Worcestershire Record No. 3 November 1997 p. 7
In 1995, entomologist Mike Archer from York University was conducting a survey of Hartlebury Common where he had been studying the bees and wasps for some years. In one of the sand patches on the Lower Terrace he found a collection of holes scattered over an area of several square metres and knew straight away that the bee-wolf had arrived in the county at last. In marketing terms, the solitary wasp known as the bee-wolf Philanthus triangulum is sexy. This is an insect with attitude. It's quite large, bright yellow, attacks honey-bees (no mean feat) and buries their paralysed bodies as you watch! It also has the added chic of being extremely rare in Britain. Or rather, had been. Until the mid-1980s bee-wolves were restricted to a single colony on the Isle of Wight where they dug their burrows in the friable soil of cliff-tops. There were occasional attempts to annex the mainland, but the climate and a lack of suitable immigrants kept an invasion at bay.
At this time the Red Data Book of insects recorded that bee-wolves were threatened and of conservation concern. All of which makes the events of the last ten years even more remarkable. Entomologists studying heathlands in the south of England began to record bee-wolves more regularly. In Hampshire and Surrey they turned up on sandy commons and along the East Anglian coast they tunnelled into dunes and shingle. Eventually they reached Gibraltar Point in Lincolnshire and began to spread westwards towards the Welsh coast and Anglesey. With such phenomenal powers of dispersal, it was inevitable that bee-wolves would arrive on the heaths around Kidderminster .... and they did, with a vengeance.
In August 1997 Harry Green and I found over a hundred burrows in soft sand near the Stourport road at Hartlebury Common . The holes are easy to spot because they are surrounded by a circle of excavated soil as big as a child's hand and if you look more closely , you can sometimes see the corpse of a bee, discarded by the wasp, perhaps when it was disturbed by a dog-walker. As we peered at the holes we became aware of bee-wolves hovering ponderously nearby, each weighed down by a honeybee, slung close to its body, like a Spitfire on a bombing raid. Each wolf made a direct approach to its burrow ....a bee-line!... and vanished into the sand with its prey in a second or two. This was happening continually as we watched and we estimated that up to forty wasps were present. We never saw the capture, which probably happens out among the heather on the common. Bee wolves fly at their prey and sting it below the thorax, paralysing it immediately. Then, having mopped up any excess nectar from the bee's mouth-parts, they head back to the burrow. Just how they find their own hole is well-known thanks to Niko Tinbergen, the Nobel prize-winning naturalist, who studied bee-wolves in Holland in the 1930's. After a reconnoitre from on high the insect comes in low and scans the area around its burrow for landmarks such as pebbles, twigs or pine-cones. It uses these to pinpoint its hole and, as Tinbergen, discovered, can easily be confused if its landmarks are moved. Below ground is a tunnel up to half a metre deep and branching off it are several cells. Each cell is a bee's tomb. The single egg laid on the slumbering bee within will hatch into the wolf-larva which feeds on the bee, before pupating and emerging the following summer. All bee-wolves are wolf-orphans, they never see their parents who die at the end of the season.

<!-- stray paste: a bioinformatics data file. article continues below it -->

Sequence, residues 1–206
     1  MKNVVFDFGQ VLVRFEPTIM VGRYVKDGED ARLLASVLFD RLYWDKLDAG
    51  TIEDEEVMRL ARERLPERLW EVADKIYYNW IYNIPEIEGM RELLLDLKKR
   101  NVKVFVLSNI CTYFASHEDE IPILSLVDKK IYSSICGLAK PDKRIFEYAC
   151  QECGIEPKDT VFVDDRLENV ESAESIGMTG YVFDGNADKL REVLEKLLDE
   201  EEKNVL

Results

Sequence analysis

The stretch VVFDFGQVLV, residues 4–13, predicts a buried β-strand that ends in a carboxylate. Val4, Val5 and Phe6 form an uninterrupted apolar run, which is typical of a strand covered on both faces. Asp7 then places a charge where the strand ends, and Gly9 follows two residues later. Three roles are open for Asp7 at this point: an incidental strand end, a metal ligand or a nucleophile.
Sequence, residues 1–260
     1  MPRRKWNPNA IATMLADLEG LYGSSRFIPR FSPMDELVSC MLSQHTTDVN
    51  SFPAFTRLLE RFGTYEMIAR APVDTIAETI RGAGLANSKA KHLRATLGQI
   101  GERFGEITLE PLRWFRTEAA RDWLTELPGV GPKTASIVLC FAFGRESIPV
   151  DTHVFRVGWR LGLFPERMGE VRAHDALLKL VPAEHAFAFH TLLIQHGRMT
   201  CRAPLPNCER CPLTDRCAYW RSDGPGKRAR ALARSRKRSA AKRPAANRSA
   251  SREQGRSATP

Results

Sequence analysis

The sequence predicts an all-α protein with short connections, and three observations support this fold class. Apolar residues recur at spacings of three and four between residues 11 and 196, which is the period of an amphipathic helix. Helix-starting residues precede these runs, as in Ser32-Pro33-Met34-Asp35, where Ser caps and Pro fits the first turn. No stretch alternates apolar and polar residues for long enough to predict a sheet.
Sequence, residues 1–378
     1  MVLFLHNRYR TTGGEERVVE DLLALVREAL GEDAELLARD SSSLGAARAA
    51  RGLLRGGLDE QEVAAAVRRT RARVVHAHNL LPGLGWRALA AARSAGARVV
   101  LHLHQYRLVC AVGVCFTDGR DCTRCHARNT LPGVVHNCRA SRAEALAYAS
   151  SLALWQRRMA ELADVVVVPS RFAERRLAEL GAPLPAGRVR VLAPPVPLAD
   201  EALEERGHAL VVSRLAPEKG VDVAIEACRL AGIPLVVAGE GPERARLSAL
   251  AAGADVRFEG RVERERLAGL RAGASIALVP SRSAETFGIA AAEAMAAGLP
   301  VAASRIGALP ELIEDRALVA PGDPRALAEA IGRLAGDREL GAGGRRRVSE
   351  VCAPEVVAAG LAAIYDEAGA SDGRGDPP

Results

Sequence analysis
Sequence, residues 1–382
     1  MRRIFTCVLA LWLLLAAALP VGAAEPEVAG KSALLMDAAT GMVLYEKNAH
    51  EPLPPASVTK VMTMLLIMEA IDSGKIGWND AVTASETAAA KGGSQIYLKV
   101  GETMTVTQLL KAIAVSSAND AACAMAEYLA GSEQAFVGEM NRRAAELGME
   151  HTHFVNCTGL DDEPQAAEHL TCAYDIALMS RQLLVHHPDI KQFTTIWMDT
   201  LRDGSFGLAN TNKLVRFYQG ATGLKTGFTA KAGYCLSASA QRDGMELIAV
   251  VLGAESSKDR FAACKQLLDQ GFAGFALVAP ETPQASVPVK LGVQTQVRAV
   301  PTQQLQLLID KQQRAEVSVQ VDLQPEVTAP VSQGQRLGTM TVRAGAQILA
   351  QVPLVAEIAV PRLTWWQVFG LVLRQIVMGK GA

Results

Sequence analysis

As we progressed over Hartlebury Common we found other, smaller colonies, some slap-bang in the middle of paths. They probably benefit to some extent from the bare soil at the path-side, though continual scuffing will disguise their burrows. Later in August we also found a small colony on Burlish Top at Stourport, so it's likely that bee-wolves are more common than we realise in north Worcestershire. Just why they have increased so rapidly isn't too clear. They were always on the north-western edge of their range in Britain and it has been suggested that climatic change has helped them to colonise. Warmer, drier summers mean more active prey and better burrowing conditions, so maybe this is the key to their success. Although they are increasing in range and numbers, bee-keepers have little to fear. Colonies probably account for no more than a few hundred bees each season, a small price to pay for sharing our county with the charismatic bee-wolf.
|Richards, OW (1980) Scolioidae, Vespoidea, and Sphecoidea. Hymenoptera, Acauleata. Handbooks for the Identifications of ||British Insects Vol 6 part 3(b). Royal Entomological Society of London.
||Tinbergen, N (1958) Curious Naturalists. Country Life: London.
||Tinbergen, N (1972) The animal and its world. Explorations of an Ethologist. 1932-72. Vol 1: Field Studies. Allen & Unwin: London [contains translations of the original research on Philanthus].
||Yeo PF & Corbet S (1983) Solitary Wasps. Naturalists Handbooks No 3. Cambridge University Press.